Brand Extension Takes Diversification to a New Level with Travel
Brand extension is the use of an established brand name in new product categories. The main reason a company does this is to leverage the brand equity they have already built up in their core products and services. In other words, by extending their brand, companies hope to tap into consumers' positive associations with their existing products and services and transfer them to the new product.
There are many examples of brand extensions in the travel and vacation sector. Two of the best-known examples are Armani Hotels and Virgin Holidays.
Virgin Group diversified into travel early in its growth
Virgin Records was founded in 1971 by Richard Branson, Simon Draper, and Nik Powell. At the time, it was Britain's first independent record label. The company's early years were marked by a string of successful releases by artists such as the Sex Pistols, Culture Club, and Mike Oldfield.
Branson was overjoyed with the success and popularity of Virgin Records, which operated recording studios and high street stores, but was keen to lend the street cred of the chain to other products. This brand stretching resulted in numerous forays into other industries, the most successful of which was Virgin Atlantic Airways.
Virgin Atlantic Airways was founded in 1984. The airline started operations with just one aeroplane, leased from British Airways. It was a move that threatened British Airways' virtual monopoly on flights out of the UK at the time. Virgin Atlantic Ltd, comprising Virgin Atlantic, Virgin Holidays, and Virgin Atlantic Cargo, has total assets over £1.8 billion, with pre-pandemic revenues of £2.9 billion in 2018/2019.
Along the way, the Virgin Group divested itself of Virgin Records, choosing to concentrate on its travel sector. If Branson and his investors had never opted to diversify into the travel sector, it would have been a multi-billion pound mistake.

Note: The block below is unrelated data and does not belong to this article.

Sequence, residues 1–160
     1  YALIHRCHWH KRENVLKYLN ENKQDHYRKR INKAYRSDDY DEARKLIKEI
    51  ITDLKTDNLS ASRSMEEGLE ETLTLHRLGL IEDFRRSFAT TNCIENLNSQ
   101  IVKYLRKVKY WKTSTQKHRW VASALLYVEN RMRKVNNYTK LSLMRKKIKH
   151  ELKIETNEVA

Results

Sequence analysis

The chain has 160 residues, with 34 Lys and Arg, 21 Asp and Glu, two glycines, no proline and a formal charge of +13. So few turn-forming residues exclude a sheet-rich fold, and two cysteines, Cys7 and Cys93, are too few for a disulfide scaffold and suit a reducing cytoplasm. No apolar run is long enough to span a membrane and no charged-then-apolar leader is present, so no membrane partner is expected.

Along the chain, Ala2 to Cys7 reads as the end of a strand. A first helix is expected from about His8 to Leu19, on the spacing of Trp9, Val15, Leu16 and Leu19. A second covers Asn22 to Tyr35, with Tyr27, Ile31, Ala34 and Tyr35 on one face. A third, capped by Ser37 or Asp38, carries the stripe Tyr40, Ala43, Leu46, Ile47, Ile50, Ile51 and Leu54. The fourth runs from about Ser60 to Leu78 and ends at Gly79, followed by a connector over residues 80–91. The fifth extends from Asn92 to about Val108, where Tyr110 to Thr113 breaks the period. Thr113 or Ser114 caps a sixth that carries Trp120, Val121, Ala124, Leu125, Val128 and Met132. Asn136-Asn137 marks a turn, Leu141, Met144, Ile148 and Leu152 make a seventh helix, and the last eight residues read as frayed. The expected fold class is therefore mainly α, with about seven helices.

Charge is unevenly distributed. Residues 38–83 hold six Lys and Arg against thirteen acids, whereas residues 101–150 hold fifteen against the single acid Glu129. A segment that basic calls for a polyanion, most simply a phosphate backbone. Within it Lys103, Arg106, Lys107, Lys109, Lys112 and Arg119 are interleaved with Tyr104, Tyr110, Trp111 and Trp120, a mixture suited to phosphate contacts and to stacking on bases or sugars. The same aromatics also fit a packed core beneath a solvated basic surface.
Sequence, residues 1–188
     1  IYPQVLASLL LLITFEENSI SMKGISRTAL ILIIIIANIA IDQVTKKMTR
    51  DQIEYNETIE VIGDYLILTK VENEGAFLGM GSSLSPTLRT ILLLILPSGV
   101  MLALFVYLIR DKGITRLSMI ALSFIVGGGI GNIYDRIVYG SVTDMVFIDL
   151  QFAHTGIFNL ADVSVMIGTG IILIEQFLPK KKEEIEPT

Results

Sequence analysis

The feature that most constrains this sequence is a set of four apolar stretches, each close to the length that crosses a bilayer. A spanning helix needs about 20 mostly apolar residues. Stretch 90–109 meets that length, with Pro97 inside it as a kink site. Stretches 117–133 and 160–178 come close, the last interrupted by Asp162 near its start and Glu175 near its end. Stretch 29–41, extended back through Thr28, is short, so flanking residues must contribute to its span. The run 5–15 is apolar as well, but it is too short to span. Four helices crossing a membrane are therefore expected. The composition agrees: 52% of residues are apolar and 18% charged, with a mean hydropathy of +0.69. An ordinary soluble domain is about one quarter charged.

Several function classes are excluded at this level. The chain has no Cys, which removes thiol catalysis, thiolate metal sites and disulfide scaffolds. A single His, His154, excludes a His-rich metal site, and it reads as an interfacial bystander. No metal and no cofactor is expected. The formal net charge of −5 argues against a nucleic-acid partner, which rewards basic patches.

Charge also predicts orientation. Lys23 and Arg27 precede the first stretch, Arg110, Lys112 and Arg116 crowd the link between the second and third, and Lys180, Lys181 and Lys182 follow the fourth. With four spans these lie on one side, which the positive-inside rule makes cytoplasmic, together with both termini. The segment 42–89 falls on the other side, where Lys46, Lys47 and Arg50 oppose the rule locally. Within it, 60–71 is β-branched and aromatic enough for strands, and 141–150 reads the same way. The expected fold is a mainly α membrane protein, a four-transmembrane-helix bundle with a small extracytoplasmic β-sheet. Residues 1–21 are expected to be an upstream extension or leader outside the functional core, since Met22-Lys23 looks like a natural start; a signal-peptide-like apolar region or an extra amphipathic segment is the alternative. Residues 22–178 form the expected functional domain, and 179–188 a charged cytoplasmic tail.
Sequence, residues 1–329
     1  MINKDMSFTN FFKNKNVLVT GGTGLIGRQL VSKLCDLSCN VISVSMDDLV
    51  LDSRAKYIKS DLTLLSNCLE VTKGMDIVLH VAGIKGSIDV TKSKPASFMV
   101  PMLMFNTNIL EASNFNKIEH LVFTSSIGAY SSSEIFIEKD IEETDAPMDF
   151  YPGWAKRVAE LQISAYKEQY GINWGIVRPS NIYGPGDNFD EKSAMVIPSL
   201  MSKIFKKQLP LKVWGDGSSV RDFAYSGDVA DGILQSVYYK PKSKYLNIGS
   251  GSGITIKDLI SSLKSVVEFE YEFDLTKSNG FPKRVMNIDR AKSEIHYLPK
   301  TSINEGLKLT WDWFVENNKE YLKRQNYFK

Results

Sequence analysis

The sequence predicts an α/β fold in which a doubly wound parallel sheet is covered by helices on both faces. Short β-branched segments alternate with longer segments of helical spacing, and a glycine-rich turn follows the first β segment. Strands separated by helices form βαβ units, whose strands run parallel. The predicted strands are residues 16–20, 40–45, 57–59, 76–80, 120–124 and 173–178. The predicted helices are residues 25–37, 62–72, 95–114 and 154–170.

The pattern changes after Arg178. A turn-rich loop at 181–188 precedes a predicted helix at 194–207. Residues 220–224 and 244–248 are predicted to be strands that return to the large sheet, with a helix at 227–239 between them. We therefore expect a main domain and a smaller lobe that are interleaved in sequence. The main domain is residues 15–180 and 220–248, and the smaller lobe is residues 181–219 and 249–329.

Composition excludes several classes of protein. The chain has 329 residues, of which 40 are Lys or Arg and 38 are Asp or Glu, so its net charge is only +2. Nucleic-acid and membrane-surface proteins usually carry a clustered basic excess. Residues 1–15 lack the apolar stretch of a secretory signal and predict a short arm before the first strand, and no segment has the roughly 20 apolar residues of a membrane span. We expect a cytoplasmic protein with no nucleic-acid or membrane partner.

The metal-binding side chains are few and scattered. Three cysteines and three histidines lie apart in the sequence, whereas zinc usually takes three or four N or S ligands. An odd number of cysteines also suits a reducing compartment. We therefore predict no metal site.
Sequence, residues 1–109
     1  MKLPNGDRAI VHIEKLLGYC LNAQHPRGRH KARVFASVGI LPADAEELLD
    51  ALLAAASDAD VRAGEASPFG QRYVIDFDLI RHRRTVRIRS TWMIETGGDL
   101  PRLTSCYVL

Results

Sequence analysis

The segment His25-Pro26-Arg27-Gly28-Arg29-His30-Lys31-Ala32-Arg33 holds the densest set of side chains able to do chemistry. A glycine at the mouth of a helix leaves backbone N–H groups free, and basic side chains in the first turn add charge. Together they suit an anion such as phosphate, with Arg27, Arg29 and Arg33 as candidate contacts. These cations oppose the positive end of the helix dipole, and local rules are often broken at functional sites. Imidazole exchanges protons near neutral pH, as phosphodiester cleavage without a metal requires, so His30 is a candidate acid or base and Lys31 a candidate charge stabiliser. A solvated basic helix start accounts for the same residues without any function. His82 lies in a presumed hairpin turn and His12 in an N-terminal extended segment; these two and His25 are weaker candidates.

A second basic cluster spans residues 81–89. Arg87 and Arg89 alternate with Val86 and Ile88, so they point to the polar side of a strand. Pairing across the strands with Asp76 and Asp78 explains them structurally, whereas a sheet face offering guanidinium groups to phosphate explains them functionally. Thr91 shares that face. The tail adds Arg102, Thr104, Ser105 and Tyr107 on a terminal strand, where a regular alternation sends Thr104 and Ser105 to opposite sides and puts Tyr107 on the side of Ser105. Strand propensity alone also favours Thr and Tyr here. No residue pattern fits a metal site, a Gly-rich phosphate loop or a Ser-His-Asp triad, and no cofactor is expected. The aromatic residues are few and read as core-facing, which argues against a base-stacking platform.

Armani opened luxury hotels in prime locations.
As a more recent example of brand extension in travel, take the brand Armani.
Giorgio Armani is an Italian fashion designer and founder of the eponymous fashion label. He is one of the most successful designers in the world, with his brand worth an estimated $8 billion.
Armani, traditionally known for its high-end fashion labels, leveraged the brand equity by moving into the luxury hotel sector. The first Armani Hotel opened in Dubai in 2010 and was quickly followed by hotels in Milan and London.
The Armani name is synonymous with luxury, and this is something that the company has been able to transfer to its hotel business successfully. Staying in an Armani Hotel is a truly luxurious experience and one that comes with a high price tag. However, for many people, the Armani name is worth the premium.
Why do brand extensions into travel make sense?
There are many reasons why brand extensions into the travel sector make perfect sense. The first is that many brands already have a strong identity and presence in the minds of consumers. This is known as brand equity.
For example, when you think of Virgin, you might think of the company's red logo, it's association with music, or its reputation for being a maverick in the business world. For Armani, it's luxury items or hotel stays for the world elite.
Travel is an emotive purchase. People don't just buy flights or hotel rooms; they buy experiences. They buy memories. And they are often willing to pay a premium for these experiences. For this reason, as companies develop their brand strategy and affirm their brand identity, they should consider where their brand equity can take them.
More and more companies are becoming switched on to the benefits and potential profits of extending into the travel sector. Your Brand Travel provides a simple solution to companies that have wish to make rapid headway in their safe brand extension, ensuring that the right contacts are in place to help your brands travel aspirations come to life.